Here’s my morning. Wake up at a normal time. Have a cuppa and toast. Dress. Forget to start the load of washing. Do today’s Wordle (four steps). Think, “I’ll go feed the chooks and the horses, then pot up some more orchids.”
I feed the chooks and the horses. It’s a nice morning. I take Yon Dog for a walk around the big paddock. She grins broadly, seeking out nice, smelly stuff, and comes to me when call.
Walking back through the horse paddock, I notice there’s a lot of manure. I haven’t picked it up for a few days. There’s a decent barrow load by the time I finish.
Notice the fresh water tub is empty. The horses have rainwater, and another tub of fresh water, but for some reason they like this particular tub. I fill it. Rowdy wanders over and proceeds to drink deeply, followed by Rosie who hunts him away, and has a drink. I don’t bother topping it up.
I wander around the back of the hay shed, checking trees I planted 18 months ago. Several are drooping. No rain forecast for another week, so I set two hoses running, and walk between them for the next little while, watering two at a time, before moving the hoses to others.
It’s a good way to clock up steps on my Samsung Health app. What’s more, these translate to Qantas points. 8,000 steps in a day gives me 1.5 points; 50k steps a week gives me a bonus of 8.5 points. A strange incentive, but it works for me.
Two wattle trees are growing inside tyres I’d placed around them when I’d planted them. If I leave the tyres in place, I won’t be able to remove them without damaging the trees. I drag one over and away from the tree, smashing off some leaves.
The other one tree is larger. This wattle is doing well. I hear my neighbour in his backyard, and call out, asking if he’d help me with just one little thing.
Paul is tall, strong and obliging, and a good neighbour. He lifts off the tyre with ease. Then we start chatting. Yon Dog, in the meantime, has taken the opportunity to race into Paul’s yard and scramble around with his dogs for a few minutes before heading for the far side of his property to scrap with the invisible dogs on the other side of the solid iron fence.
She is naughty, and a has worn a deep path along that fenceline from her previous escapes into Paul’s backyard.
Paul and I chat about the weather and the options for planting this year, as does every farmer with an acre to cultivate.
We say “cheerio” and after a while I turn off the two hoses and go to retrieve Yon Dog from her obsessive running along Paul’s far fence.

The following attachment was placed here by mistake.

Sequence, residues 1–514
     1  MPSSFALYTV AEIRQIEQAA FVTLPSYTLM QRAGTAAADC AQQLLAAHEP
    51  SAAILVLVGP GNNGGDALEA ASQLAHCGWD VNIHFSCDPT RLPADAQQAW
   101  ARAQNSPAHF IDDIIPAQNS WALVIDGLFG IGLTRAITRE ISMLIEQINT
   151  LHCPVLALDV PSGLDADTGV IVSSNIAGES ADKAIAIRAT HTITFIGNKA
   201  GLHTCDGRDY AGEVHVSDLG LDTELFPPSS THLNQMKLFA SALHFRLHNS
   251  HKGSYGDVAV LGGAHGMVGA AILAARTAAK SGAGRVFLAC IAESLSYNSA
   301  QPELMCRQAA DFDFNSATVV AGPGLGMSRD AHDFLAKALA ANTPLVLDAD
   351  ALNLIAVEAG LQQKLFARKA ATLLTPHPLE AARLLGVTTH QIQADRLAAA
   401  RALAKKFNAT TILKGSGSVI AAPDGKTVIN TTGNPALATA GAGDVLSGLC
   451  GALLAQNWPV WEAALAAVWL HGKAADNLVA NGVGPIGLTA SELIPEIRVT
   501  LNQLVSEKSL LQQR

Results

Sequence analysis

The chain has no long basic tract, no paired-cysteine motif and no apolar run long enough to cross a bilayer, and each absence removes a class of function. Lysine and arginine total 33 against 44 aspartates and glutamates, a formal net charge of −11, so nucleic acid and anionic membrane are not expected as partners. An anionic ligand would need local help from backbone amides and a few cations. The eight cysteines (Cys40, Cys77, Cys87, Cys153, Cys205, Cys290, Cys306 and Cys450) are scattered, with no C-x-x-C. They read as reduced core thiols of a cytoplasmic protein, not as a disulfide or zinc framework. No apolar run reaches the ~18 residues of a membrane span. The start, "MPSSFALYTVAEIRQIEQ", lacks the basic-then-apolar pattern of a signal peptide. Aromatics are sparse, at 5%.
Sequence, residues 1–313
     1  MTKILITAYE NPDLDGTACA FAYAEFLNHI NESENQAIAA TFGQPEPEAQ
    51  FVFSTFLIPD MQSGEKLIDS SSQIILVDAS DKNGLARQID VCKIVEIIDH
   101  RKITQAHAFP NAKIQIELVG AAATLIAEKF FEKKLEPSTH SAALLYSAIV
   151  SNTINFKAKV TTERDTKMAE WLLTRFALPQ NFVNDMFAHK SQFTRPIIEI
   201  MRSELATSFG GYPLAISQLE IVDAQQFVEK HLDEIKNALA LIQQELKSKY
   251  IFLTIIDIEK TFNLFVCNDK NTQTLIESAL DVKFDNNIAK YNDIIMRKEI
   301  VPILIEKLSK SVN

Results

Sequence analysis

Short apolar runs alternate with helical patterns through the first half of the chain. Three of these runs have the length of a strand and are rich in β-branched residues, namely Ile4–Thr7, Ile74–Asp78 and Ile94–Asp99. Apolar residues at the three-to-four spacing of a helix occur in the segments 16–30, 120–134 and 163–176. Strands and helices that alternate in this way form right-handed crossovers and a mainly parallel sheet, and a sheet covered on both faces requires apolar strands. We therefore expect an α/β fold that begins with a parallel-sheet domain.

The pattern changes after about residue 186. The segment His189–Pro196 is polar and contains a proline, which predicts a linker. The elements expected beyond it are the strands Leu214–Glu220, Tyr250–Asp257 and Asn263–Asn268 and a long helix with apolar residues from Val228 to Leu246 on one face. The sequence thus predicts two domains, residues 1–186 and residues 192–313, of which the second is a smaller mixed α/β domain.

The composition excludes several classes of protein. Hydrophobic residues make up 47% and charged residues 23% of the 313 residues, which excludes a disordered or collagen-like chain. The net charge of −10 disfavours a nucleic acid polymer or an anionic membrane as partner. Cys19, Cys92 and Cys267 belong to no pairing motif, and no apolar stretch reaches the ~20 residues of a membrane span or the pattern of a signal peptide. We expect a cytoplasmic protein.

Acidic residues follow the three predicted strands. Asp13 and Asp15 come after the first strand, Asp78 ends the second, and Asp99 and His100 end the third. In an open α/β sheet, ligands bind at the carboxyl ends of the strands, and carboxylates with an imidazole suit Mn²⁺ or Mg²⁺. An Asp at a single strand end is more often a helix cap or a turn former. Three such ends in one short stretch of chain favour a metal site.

I wheel the manure-filled barrow into the back garden, noticing the timber handles are dry, and getting rough. Once it is emptied under a lemon tree, I sand the handles, and apply a decent coat of linseed oil.
The hay rake needs attention to a pinch point at the top of its handle. I glue that so it can’t pinch my hand again.
The chooks are yelling. I let them out of their pen, enabling them to scratch around the larger yard, where they are safe from Yon Dog.
By this time, I am feeling thirsty. I come inside and Yon Dog rushes over to her feeding station. I recall I hadn’t yet fed her breakfast. I oblige. One handful of dry food, and a Chicken Tender (for dogs). She won’t eat until she’s had her Tender. Not spoilt — much!
I turn on the load of washing.
Time for a mid-morning cuppa, plus a mini Easter bun. It’s only a mini. That shouldn’t have too many calories. I check social media, and answer the phone to book annual Pest Control inspection and treatment.
I must check if there are any council emails from the weekend. Deal with them as needed — reply, file, or delete.
I enjoy my cuppa and bun. Yon Dog has gone to sleep on her favourite chair.
It’s by now late morning and too warm for potting plants. The first load of washing has just finished. What’s more I’ve clocked up some points.
I pause my typing, glancing outside at the bright sunshine, the dry garden, the drooping plants. Shades of stoic green belie the dry soil. I should do some watering, but there is more washing to do and clothes to hang.
And writing, always writing, that must be done.